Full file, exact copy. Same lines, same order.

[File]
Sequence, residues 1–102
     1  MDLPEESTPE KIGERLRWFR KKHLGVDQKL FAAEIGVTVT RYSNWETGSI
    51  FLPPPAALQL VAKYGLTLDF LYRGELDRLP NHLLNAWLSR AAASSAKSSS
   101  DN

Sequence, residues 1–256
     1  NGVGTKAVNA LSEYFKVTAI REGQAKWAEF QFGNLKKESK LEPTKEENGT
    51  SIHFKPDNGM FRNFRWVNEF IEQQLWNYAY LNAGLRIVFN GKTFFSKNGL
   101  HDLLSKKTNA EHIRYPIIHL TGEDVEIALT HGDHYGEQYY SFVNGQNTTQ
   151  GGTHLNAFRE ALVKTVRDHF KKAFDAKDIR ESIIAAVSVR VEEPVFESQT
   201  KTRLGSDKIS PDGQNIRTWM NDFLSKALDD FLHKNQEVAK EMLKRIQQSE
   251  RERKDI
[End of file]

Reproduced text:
Sequence, residues 1–102
     1  MDLPEESTPE KIGERLRWFR KKHLGVDQKL FAAEIGVTVT RYSNWETGSI
    51  FLPPPAALQL VAKYGLTLDF LYRGELDRLP NHLLNAWLSR AAASSAKSSS
   101  DN

Sequence, residues 1–256
     1  NGVGTKAVNA LSEYFKVTAI REGQAKWAEF QFGNLKKESK LEPTKEENGT
    51  SIHFKPDNGM FRNFRWVNEF IEQQLWNYAY LNAGLRIVFN GKTFFSKNGL
   101  HDLLSKKTNA EHIRYPIIHL TGEDVEIALT HGDHYGEQYY SFVNGQNTTQ
   151  GGTHLNAFRE ALVKTVRDHF KKAFDAKDIR ESIIAAVSVR VEEPVFESQT
   201  KTRLGSDKIS PDGQNIRTWM NDFLSKALDD FLHKNQEVAK EMLKRIQQSE
   251  RERKDI